We've been to London twice in one week! The first time was to go to the preview of an exhibition by a very old friend of mine - Romi Behrens. The gallery is in Bury Street just behind the Ritz and it was lovely to see Romi and her family - we normally only see them down in Cornwall.
Wonderfully colourful and joyous pictures. I am pleased to say that we do have some of her paintings - she did a marvellous portrait of George some years ago and she painted me recently but she won't part with the picture! Just as well really as it is lifesize and goodness knows where we would put it! Anyway, I do hope that she does well with her exhibition - there were certainly crowds of people there and we were very happy to be there.
As we walked back to Piccadilly station we passed the windows in Fortnum and Mason - a butterfly
theme - absolutely delightful. I haven't been in London at night for ages and I found it so exhilarating.
But, as usual, it was lovely to get back home! And then again yesterday we were just having our mid-morning coffee and I suddenly remembered that 'Threads of Feeling' at the Foundling Hospital was going to finish in a week's time. So we dashed off down to London again - as it was Sunday we could take the car in easily. It is an amazing exhibition, very moving. Scraps of fabric dating from 1740 when the Foundling Hospital opened and these small tokens were left with babies to identify them should the mother ever be able to return and claim her child. There are over 5,000 swatches of fabric - making it the largest collection in the world of 18th century textiles. The notes left with them are very poignant too. There are so many untold tragedies on those pages.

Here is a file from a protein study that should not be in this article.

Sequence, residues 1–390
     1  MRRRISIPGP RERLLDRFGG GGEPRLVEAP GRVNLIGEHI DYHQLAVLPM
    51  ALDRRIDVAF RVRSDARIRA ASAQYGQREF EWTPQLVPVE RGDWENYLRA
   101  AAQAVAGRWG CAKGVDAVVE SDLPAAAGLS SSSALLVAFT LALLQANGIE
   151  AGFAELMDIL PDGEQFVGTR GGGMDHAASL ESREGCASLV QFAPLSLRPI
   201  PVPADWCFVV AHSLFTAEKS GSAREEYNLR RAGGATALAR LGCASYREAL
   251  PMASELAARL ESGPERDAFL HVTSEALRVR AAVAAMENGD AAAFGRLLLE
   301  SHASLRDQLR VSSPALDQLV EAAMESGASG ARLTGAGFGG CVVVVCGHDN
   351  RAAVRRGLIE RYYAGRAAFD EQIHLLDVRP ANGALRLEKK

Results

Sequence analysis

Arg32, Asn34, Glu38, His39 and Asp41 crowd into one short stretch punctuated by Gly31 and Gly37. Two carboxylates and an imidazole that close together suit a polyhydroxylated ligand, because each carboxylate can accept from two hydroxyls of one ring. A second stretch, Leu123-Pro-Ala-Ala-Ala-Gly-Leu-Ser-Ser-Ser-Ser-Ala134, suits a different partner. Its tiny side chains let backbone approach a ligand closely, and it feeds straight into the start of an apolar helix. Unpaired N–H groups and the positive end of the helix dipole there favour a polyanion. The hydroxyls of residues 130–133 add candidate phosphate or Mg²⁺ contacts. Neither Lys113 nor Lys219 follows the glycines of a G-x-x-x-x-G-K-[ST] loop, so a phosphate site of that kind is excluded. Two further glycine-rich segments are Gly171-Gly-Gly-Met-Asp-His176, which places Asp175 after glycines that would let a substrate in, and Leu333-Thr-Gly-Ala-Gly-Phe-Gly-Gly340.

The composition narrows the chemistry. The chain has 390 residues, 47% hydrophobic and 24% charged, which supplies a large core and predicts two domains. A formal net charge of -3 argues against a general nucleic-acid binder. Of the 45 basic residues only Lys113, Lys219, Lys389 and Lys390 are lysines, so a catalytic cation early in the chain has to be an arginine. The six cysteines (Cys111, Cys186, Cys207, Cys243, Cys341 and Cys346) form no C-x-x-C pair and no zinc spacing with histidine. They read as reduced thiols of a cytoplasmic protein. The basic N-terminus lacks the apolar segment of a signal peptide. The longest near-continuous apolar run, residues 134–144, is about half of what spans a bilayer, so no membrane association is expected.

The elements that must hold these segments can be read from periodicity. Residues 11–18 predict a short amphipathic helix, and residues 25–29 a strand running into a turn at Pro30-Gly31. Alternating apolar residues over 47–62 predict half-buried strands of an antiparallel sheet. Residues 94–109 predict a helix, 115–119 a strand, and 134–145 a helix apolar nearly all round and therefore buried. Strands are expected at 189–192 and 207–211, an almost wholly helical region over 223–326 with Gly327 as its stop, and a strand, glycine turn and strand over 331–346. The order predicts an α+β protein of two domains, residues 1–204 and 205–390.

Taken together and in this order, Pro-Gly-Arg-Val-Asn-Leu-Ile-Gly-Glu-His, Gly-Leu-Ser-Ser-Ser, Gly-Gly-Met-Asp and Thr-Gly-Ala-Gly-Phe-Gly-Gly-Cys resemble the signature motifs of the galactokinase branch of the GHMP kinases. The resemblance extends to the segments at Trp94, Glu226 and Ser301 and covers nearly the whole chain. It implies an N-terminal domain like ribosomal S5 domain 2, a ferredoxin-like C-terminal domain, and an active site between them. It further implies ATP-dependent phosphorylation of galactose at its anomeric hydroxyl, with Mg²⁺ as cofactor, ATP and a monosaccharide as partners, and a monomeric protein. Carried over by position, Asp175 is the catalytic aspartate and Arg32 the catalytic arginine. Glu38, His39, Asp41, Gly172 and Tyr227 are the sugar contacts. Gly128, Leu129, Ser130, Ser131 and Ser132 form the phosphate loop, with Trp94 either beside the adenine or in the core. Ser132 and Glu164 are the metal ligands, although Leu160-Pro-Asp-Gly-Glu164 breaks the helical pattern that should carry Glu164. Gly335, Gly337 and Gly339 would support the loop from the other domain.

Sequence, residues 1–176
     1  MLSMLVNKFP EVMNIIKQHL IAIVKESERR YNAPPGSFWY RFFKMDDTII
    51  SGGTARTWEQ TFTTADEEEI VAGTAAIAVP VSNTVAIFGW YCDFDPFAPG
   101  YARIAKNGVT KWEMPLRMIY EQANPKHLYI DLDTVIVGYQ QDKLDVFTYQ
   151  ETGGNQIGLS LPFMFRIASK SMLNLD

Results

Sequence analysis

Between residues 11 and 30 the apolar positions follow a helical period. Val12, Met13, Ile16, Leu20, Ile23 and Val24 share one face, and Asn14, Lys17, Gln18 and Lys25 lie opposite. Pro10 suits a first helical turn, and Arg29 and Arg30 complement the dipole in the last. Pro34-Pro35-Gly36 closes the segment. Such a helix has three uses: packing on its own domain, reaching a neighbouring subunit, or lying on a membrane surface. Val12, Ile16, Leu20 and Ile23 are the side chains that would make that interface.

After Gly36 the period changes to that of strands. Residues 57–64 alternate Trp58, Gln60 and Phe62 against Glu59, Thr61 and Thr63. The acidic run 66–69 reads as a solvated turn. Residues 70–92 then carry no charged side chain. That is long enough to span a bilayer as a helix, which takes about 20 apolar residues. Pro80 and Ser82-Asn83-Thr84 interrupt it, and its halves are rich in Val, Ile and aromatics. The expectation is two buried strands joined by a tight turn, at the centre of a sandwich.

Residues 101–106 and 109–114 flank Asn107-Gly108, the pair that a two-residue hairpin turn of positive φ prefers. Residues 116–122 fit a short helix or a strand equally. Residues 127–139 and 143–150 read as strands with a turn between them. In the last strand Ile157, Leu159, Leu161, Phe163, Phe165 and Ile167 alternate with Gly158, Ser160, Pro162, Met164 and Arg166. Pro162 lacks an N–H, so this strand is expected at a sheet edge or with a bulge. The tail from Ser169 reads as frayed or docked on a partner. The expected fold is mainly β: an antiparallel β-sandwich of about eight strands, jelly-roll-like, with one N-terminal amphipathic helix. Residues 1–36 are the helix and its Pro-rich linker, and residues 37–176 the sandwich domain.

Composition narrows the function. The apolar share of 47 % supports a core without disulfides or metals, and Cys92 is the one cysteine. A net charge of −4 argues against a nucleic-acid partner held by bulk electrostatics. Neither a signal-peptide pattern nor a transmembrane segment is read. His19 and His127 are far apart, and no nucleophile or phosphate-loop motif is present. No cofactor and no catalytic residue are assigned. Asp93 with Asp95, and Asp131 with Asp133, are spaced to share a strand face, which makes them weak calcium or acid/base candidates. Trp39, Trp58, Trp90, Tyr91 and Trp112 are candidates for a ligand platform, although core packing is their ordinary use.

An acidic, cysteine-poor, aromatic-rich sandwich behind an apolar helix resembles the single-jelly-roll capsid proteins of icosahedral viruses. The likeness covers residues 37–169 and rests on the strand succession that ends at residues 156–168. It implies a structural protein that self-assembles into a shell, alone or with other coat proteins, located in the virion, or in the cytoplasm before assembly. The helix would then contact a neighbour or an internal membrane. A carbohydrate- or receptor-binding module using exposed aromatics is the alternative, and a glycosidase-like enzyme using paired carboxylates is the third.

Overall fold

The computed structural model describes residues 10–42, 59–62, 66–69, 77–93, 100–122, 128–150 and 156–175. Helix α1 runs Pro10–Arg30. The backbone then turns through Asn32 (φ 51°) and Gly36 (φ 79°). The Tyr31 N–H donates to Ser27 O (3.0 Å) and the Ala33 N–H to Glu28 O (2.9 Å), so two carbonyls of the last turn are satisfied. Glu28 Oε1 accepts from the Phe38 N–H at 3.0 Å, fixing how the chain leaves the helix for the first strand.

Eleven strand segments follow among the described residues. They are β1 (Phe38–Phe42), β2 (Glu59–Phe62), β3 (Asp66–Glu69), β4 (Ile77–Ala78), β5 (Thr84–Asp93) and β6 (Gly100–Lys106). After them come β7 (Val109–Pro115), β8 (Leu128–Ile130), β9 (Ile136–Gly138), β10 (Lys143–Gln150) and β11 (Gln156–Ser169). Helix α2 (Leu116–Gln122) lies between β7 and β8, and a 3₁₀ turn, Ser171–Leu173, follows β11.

We were very fortunate in that there was an afternoon concert by the Chiltern Trio and so we sat and enjoyed some very charming Brahms and Mozart. There is an interesting art collection and memorabilia from Hogarth and Handel who were both governors of the hospital - in fact, Handel left the manuscript of The Messiah to them. And a splendid installation by VV Rouleaux who were one of the sponsors.
I had an ulterior motive in wanting to go there - I have a sneaking feeling that my great, great, great, great grandfather may have been a foundling. His name ( and that of all the other greats ) was Lucking Capper Tavener. Not exactly a usual name. I've traced them all back but at the end of the 1700's the trail stops. I have it in my mind that it was a 'made up' name such as was given to some of the orphans when they had run out of ideas. However, I soon discovered that the archives are not held there and I have to go to the London Metropolital Archives - so that may well be the next trip to the big city.
In January I wrote about the little teacosy cottage visible at the far end of our garden which was being re-thatched. I ventured out into the garden one day last week and lo and behold -